Perceiving the depth of a scene is an important task for an autonomous robot — the ability to accurately estimate how far from the robot objects are, is crucial for obstacle avoidance, safe planning and navigation. While depth can be obtained (and learned) from sensor data, such as LIDAR, it is also possible to learn it in an unsupervised manner from a monocular camera only, relying on the motion of the robot and the resulting different views of the scene. In doing so, the “ego-motion” (the motion of the robot/camera between two frames) is also learned, which provides localization of the robot itself. While this approach has a long history — coming from the structure-from-motion and multi-view geometry paradigms — new learning based techniques, more specifically for unsupervised learning of depth and ego-motion by using deep neural networks, have advanced the state of the art, including work by Zhou et al., and our own prior research which aligns 3D point clouds of the scene during training.
Despite these efforts, learning to predict scene depth and ego-motion remains an ongoing challenge, specifically when handling highly dynamic scenes and estimating proper depth of moving objects. Because previous research efforts for unsupervised monocular learning do not model moving objects, it can result in consistent misestimation of objects’ depth, often resulting in mapping their depth to infinity.
In “Depth Prediction Without the Sensors: Leveraging Structure for Unsupervised Learning from Monocular Videos”, to appear in AAAI 2019, we propose a novel approach which is able to model moving objects and produces high quality depth estimation results. Our approach is able to recover the correct depth for moving objects compared to previous methods for unsupervised learning from monocular videos. In our paper, we also propose a seamless online refinement technique that can further improve quality and be applied for transfer across datasets. Furthermore, to encourage even more advanced approaches of onboard robotics learning, we have open sourced the code in TensorFlow.
|Previous work (middle row) has not been able to correctly estimate depth of moving objects mapping them to infinity (dark blue regions in the heatmap). Our approach (right) provides much better depth estimates.|
A key idea in our approach is to introduce structure into the learning framework. That is, instead of relying on a neural network to learn depth directly, we treat the monocular scene as 3D, composed of moving objects, including the robot itself. The respective motions are modeled as independent transformations — rotations and translations — in the scene, which is then used to model the 3D geometry and estimate all the objects’ motions. Additionally, knowing which objects may potentially move (e.g., cars, people, bicycles, etc.) helps us learn separate motion vectors for them even if they may be static. By decomposing the scene into 3D and individual objects, better depth and ego-motion in the scene is learned, especially on very dynamic scenes.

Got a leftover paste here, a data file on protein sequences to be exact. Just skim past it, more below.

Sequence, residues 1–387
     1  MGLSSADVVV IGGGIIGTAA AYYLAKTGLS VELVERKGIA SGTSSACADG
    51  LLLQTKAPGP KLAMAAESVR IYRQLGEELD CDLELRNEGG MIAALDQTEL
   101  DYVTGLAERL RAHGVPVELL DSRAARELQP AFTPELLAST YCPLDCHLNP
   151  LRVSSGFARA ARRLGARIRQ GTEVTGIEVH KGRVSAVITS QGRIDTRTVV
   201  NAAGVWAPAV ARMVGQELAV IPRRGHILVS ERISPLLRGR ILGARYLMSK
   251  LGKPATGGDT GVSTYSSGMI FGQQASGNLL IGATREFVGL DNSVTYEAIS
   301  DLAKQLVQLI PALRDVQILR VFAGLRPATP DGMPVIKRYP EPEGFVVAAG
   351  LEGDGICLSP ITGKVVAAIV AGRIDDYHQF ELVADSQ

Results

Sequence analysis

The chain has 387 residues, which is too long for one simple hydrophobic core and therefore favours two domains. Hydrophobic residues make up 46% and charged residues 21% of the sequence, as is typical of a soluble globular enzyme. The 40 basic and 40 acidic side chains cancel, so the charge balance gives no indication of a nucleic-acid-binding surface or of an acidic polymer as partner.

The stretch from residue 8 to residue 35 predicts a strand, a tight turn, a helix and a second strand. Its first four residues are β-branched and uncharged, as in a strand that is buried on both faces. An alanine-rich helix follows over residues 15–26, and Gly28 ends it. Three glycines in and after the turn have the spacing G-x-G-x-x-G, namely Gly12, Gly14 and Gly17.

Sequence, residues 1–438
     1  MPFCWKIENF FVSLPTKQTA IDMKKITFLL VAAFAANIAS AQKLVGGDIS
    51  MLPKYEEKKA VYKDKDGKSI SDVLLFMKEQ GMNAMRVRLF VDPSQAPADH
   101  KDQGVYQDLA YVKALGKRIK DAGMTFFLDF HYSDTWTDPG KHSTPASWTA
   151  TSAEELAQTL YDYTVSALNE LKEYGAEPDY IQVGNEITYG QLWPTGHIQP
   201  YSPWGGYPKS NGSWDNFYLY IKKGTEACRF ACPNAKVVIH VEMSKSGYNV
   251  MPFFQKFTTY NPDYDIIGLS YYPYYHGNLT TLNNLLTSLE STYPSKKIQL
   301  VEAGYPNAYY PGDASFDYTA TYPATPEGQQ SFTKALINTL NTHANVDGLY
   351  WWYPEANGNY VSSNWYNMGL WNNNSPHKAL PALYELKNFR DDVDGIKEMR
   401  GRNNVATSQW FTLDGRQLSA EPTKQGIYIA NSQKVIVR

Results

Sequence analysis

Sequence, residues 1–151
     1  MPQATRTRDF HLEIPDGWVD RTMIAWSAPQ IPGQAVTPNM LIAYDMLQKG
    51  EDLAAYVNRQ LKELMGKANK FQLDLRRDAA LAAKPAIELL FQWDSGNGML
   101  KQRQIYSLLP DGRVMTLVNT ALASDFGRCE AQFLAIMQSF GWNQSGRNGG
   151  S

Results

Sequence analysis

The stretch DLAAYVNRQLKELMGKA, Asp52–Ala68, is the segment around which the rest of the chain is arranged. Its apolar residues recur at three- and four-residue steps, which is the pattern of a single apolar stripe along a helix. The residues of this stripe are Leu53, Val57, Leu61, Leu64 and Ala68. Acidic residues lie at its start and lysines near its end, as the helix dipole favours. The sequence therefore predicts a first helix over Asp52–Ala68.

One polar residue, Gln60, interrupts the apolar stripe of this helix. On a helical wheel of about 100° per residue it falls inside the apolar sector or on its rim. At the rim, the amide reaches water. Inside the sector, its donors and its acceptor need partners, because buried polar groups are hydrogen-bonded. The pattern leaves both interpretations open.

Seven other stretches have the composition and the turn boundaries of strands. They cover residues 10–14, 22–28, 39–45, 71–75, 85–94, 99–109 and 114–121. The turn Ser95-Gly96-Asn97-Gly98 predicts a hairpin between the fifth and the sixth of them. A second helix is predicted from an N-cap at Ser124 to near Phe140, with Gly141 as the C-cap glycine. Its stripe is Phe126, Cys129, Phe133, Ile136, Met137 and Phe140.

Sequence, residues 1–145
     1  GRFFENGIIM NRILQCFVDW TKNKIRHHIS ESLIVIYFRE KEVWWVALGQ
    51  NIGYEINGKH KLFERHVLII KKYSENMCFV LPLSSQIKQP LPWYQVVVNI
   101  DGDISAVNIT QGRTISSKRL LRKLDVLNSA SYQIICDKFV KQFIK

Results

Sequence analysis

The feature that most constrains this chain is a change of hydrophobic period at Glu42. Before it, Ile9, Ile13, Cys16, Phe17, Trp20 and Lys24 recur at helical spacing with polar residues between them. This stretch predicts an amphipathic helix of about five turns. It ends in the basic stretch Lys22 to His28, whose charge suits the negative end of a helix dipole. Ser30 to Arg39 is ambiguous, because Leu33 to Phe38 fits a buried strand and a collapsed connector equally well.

We tested this method on both KITTI and Cityscapes urban driving datasets, and found that it outperforms state-of-the-art approaches, and is approaching in quality methods which used stereo pair videos as training supervision. Importantly, we are able to recover correctly the depth of a car moving at the same speed as the ego-motion vehicle. This has been challenging previously — in this case, the moving vehicle appears (in a monocular input) as static, exhibiting the same behavior as the static horizon, resulting in an inferred infinite depth. While stereo inputs can solve that ambiguity, our approach is the first one that is able to correctly infer that from a monocular input.
|Previous work with monocular inputs were not able to extract moving objects and incorrectly map them to infinity.|
|Example depth results for a dynamic scene together with estimates of the motion vectors of the individual objects (rotation angles are estimated too, but for simplicity are not shown).|
Our results also provide the best among the state-of-the-art estimates in ego-motion, which is crucial for autonomous robots, as it provides localization of the robots while moving in the environment. The video below shows results from our method that visualizes the speed and turning angle, obtained from the inferred ego-motion. While the outputs of both depth and ego-motion are valid up to a scalar, we can see that it is able to estimate its relative speed when slowing down and stopping.
|Depth and ego-motion prediction. Follow the speed and the turning angle indicator to see the estimates when the car is taking a turn or stopping for a red light.|
An important characteristic of a learning algorithm is its adaptability when moved to an unknown environment. In this work we further introduce an online refinement approach which continues to learn online while collecting new data. Below are examples of improvement of the estimated depth quality, after training on Cityscapes and online refinement on KITTI.
Fetch robot, while the training is done on the outdoor urban driving Cityscapes dataset. As to be expected, there is a large discrepancy between these datasets. Despite this, we observe that the online learning technique is able to obtain better depth estimates than the baseline.
This research was conducted by Vincent Casser, Soeren Pirk, Reza Mahjourian and Anelia Angelova. We would like to thank Ayzaan Wahid for his help with data collection and Martin Wicke and Vincent Vanhoucke for their support and encouragement.